What am I not working on right now is a better question? I feel like I’m working on the best music I’ve ever worked on in my life. I have so many NDAs that I don’t even know what I can and can’t talk about, but as far as my own music, I feel like I’ve gotten to a place where I’m a solid 80% done with this next project. We’re wrapping it up right now, I’m really excited, it’s coming very very very soon. [Ed. note: this interview was done back in May 2021, so it's likely that Ant is even further along now!]
Do you feel pressure at all to follow up on a Grammy-nominated project?
I feel like y’all messed up giving me a Grammy nomination on my first project out. I honestly feel, as far as pressure, no. I would love to say yes but I’ve waited and prepared for this my entire life. I literally have albums of music ready to go, so it’s like, what version of me am I willing to share with the audience? I want to grow my audience before I give them all the music that I have. Pressure is the fun part for me. I like looking at challenges like they’re adventures, kind of like Peter Pan. To die is the greatest adventure, it’s a crazy perspective, like, wow, death is terrifying. If you have the perspective of it being the greatest adventure it’s like, oh wow. I like shifting perspectives, so it’s a little challenging but it’s not anything I don’t think I’m not prepared for.
Over the years you’ve worked with a long list of extremely prolific artists; you’ve worked with Kanye West, Kirk Franklin, Justin Timberlake, Timbaland, Pharrell Williams, and so many more. Do you ever feel starstruck being in rooms with some of music’s greatest?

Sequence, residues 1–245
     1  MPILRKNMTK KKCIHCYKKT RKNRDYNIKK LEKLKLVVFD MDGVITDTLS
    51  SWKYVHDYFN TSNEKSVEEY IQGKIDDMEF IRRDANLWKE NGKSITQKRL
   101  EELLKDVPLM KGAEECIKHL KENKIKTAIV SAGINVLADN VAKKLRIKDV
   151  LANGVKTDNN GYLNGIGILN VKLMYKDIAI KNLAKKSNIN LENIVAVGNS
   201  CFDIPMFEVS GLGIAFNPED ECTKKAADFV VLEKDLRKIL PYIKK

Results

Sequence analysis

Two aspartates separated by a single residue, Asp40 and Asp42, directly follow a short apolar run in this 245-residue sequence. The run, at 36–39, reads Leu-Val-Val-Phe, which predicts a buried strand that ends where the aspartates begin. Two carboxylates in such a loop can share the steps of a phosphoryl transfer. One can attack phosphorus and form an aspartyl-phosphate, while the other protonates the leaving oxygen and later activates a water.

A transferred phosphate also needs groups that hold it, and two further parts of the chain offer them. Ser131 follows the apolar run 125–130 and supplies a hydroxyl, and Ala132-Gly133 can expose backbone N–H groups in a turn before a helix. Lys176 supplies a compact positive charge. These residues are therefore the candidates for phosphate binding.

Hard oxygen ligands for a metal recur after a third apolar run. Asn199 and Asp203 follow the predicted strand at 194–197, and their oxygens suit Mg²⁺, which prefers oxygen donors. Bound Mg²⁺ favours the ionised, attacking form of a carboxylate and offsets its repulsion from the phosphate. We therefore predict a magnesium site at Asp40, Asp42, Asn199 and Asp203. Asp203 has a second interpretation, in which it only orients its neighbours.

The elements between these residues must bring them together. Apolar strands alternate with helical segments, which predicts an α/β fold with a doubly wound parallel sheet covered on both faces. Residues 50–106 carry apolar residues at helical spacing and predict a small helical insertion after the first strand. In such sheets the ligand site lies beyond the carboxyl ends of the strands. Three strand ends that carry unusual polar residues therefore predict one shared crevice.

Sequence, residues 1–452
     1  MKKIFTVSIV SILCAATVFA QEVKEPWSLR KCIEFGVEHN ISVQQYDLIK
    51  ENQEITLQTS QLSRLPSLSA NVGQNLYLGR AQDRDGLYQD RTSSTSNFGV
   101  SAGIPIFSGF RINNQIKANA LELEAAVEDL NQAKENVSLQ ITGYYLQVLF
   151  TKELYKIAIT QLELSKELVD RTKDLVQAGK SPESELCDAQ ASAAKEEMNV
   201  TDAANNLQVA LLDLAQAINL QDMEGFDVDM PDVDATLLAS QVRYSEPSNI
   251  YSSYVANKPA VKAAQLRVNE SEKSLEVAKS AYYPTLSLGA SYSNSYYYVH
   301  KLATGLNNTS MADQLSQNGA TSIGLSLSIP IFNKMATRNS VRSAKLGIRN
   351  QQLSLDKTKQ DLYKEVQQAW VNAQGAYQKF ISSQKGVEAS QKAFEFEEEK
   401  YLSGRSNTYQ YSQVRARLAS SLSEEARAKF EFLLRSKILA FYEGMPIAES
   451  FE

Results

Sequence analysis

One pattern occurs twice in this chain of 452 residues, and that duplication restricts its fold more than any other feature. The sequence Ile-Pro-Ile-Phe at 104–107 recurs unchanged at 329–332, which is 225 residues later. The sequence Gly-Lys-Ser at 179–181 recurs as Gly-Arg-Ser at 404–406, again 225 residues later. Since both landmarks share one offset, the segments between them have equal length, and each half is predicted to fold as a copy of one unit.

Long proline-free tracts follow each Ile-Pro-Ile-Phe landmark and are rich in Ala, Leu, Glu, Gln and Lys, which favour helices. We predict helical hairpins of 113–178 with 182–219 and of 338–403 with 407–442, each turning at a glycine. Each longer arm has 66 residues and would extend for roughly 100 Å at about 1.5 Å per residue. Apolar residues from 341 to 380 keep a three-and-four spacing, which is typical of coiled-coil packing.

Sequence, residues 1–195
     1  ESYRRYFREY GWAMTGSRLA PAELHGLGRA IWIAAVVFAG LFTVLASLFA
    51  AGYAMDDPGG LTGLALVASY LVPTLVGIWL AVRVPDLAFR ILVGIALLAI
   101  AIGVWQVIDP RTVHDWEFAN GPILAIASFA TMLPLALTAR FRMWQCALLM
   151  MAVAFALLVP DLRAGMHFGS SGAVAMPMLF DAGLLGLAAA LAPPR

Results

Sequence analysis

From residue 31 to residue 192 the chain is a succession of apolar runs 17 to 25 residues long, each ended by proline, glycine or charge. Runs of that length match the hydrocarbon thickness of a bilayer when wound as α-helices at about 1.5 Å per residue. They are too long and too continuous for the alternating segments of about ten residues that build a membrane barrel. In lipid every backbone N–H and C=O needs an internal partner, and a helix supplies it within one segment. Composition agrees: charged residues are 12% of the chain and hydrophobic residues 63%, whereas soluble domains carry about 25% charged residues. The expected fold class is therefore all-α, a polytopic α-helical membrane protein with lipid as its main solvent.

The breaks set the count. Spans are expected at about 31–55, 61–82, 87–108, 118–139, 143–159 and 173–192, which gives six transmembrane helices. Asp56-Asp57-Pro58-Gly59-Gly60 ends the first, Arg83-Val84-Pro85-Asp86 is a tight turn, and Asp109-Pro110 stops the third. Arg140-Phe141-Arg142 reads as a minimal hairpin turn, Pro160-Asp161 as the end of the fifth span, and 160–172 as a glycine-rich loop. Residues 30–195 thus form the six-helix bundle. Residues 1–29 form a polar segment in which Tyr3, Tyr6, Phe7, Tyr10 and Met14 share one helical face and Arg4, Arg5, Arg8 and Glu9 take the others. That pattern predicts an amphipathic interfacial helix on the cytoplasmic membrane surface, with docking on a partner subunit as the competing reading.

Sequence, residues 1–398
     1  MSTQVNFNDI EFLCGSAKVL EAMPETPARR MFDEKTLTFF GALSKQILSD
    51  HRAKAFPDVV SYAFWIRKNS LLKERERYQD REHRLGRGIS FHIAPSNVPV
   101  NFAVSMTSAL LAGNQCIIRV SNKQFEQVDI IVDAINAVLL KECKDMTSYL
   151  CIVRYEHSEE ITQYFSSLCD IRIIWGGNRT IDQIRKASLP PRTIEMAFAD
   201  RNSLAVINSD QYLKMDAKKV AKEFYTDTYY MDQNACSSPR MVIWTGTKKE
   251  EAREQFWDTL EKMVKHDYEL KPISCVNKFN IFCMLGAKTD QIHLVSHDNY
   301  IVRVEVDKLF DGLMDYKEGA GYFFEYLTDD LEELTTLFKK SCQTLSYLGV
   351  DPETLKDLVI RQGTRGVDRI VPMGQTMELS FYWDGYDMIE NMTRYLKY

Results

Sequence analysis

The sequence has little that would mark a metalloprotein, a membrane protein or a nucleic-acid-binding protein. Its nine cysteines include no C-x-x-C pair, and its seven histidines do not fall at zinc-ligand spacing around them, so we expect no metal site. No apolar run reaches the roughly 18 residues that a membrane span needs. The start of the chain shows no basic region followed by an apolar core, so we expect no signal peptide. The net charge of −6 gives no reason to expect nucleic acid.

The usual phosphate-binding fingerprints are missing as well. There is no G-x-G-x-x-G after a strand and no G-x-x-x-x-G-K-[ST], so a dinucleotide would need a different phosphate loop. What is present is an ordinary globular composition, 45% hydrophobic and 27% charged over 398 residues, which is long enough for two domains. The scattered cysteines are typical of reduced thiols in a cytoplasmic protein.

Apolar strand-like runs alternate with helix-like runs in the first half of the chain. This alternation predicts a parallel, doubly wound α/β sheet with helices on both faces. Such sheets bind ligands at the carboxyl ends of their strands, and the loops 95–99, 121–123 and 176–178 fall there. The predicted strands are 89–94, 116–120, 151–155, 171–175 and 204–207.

Every time. I am not too cool for school. I literally wear my fandom on my sleeve, so if I walk in somewhere and I meet somebody I’ve been a fan of, they’ll know I’m a fan of them. I’m so excited all the time, I try not to lose the part of me that’s a fan because that’s the 7-year-old in me that was watching Madison Square Garden videos of *NSYNC performing, or me at 14-15 trying to figure out what clothes to wear, looking at Kanye for inspiration and confidence. To be in rooms with these men and having conversations with them and they know who I am is an insane feeling and I feel honored. I thank God every chance I get that this is even my reality. I always get starstruck, but I feel a sense of purpose in the rooms after that subsides a bit, cause I feel like God wanted me to be exactly where I am, he placed me at every chance, at every location he dropped me off to, so I just need to make sure I’m present for what God’s doing in the midst of his presence if you will.
With everything you’ve achieved in the last three years, what would you consider your biggest accomplishment at this point?
There have been so many. I think my biggest accomplishment was showing my sisters and my family that me quitting my job was the best decision I ever made and coming out to California and really betting on myself. I think that was the biggest accomplishment, I know it wasn’t a singular thing, it’s not like, “oh this Grammy award”, although I am very honored to have won my very first Grammy with Jesus Is King. I think that’s one of the amazing accomplishments I’ve been going for but the real win was when I decided what I wanted to do. Everything else after that one win has been feeling like wins. Even the losses feel like wins when I’m in the middle of living the best life I’ve always wanted to live. So I think the best accomplishment was absolutely deciding what I wanted to do for the rest of my life and staying with it, talking to God but deciding what I wanted to do and sticking with it.